Independent UN rights expert Margaret Sekaggya on Thursday called on the government of Togo [press release] to work towards providing an environment that allows human rights defenders to carry out their work. Sekaggya explained that this could be done by enforcing existing laws, avoiding stigma and fostering a spirit of open dialogue. She also mentioned the need for improved police tactics. She spoke after a five-day mission to Togo [UN News Centre report], where she found that overall there has been progress since her last visit in 2008[report, PDF]. She specifically expressed concern that the crime of "defamation" could be used to unduly punish those who expressed opinions which were critical of the government. Togo [BBC backgrounder] has been working to overcome its history of human rights violations. The report from this mission will be presented in March.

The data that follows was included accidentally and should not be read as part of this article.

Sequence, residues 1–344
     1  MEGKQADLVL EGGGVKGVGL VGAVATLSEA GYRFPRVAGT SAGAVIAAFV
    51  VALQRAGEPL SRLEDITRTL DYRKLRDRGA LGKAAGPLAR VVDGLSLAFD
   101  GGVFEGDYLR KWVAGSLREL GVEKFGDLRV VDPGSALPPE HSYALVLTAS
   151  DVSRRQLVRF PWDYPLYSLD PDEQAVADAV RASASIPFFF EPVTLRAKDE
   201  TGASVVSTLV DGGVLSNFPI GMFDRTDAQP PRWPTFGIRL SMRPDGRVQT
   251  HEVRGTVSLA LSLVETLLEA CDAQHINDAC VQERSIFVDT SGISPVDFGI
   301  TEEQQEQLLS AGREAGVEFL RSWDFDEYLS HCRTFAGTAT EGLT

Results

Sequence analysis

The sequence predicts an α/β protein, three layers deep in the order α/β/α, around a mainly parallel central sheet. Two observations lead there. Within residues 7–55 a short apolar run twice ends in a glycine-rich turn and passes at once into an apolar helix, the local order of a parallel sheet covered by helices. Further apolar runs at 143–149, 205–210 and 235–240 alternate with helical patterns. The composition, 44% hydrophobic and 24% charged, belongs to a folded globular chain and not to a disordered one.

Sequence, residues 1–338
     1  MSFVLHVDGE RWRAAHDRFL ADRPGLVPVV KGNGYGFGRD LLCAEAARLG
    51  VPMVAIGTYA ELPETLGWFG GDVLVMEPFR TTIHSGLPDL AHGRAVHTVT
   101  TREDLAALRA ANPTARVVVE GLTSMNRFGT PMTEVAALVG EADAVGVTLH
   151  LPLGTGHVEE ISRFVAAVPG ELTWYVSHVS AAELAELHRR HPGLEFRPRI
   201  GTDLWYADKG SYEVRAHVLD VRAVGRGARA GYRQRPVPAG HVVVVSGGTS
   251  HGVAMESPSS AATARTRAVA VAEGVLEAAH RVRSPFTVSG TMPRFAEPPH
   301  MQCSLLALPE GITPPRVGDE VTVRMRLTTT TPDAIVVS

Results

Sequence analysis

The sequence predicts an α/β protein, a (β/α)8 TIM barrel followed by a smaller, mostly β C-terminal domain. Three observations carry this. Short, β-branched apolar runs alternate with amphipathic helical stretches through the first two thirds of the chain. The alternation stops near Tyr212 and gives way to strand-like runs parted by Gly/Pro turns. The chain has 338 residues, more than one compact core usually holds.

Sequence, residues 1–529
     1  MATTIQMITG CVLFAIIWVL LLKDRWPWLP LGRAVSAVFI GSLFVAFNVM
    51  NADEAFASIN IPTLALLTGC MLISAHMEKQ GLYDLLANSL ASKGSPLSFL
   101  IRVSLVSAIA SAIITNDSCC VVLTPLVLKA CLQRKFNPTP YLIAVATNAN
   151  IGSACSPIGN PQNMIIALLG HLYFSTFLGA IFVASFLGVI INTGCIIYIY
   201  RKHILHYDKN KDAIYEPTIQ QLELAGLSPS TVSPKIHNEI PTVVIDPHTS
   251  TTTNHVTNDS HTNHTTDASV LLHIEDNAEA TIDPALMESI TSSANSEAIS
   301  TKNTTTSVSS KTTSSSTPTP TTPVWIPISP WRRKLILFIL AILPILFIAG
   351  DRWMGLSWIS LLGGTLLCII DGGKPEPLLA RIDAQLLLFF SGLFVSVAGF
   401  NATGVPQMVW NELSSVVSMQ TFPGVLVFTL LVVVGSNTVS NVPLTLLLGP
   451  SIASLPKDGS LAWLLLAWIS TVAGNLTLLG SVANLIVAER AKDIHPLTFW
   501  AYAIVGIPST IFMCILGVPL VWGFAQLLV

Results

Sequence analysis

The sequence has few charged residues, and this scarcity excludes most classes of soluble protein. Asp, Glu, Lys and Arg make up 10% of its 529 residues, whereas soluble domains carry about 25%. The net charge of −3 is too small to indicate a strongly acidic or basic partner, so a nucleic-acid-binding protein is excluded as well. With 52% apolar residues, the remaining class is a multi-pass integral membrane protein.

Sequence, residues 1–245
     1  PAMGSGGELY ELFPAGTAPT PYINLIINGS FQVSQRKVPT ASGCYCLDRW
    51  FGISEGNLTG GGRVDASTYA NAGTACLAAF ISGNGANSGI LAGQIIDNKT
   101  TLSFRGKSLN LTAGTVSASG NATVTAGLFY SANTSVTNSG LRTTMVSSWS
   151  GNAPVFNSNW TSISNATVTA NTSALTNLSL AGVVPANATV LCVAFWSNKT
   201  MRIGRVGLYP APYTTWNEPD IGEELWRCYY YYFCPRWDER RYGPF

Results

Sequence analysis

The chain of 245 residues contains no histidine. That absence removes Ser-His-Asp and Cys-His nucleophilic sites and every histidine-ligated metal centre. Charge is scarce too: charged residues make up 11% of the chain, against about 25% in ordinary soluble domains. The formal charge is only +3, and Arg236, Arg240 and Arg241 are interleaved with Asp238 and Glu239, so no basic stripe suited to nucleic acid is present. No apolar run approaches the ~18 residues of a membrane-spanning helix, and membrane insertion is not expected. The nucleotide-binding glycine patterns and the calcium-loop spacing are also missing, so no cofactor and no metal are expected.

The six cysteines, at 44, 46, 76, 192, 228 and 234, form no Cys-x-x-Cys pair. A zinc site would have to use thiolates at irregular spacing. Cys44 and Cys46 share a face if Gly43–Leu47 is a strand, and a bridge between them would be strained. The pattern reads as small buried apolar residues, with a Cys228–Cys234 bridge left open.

UN rights experts have continuously urged [JURIST report] many countries establish better legal frameworks for human rights defenders. In February UN High Commissioner for Human Rights Navi Pillay urged [JURIST report] the international community to continue to prevent human rights abuses and hold perpetrators accountable. Speaking at the opening of the 22nd session of the UN Human Rights Council in Geneva, Pillay specifically mentioned the ongoing situations in Rwanda, Bosnia and Herzegovina, Palestine, Iraq, Sri Lanka, Afghanistan, Democratic Republic of Congo, Mali, Sudan and Syria. Also in February, Pillay expressed concern [JURIST report] over reports that three Palestinians being held in Israeli custody are in poor health from hunger strikes protesting Israel's use of administrative detention. In the same timeframe, Pillay unveiled a report [JURIST report] criticizing Sri Lanka for failing to investigate widespread reports of killings and other atrocities during the latter days of the nation's 26-year civil war it fought with the separatist Liberation Tigers of Tamil Eelam. Also in February, Pillay expressed shock and sadness [JURIST report] concerning the brutal rape and murder of 17-year-old Anene Booysen in South Africa. Pillay urged South Africa to take a stronger approach to prevent the ongoing sexual violence incidents against tens of thousands of South African women every year.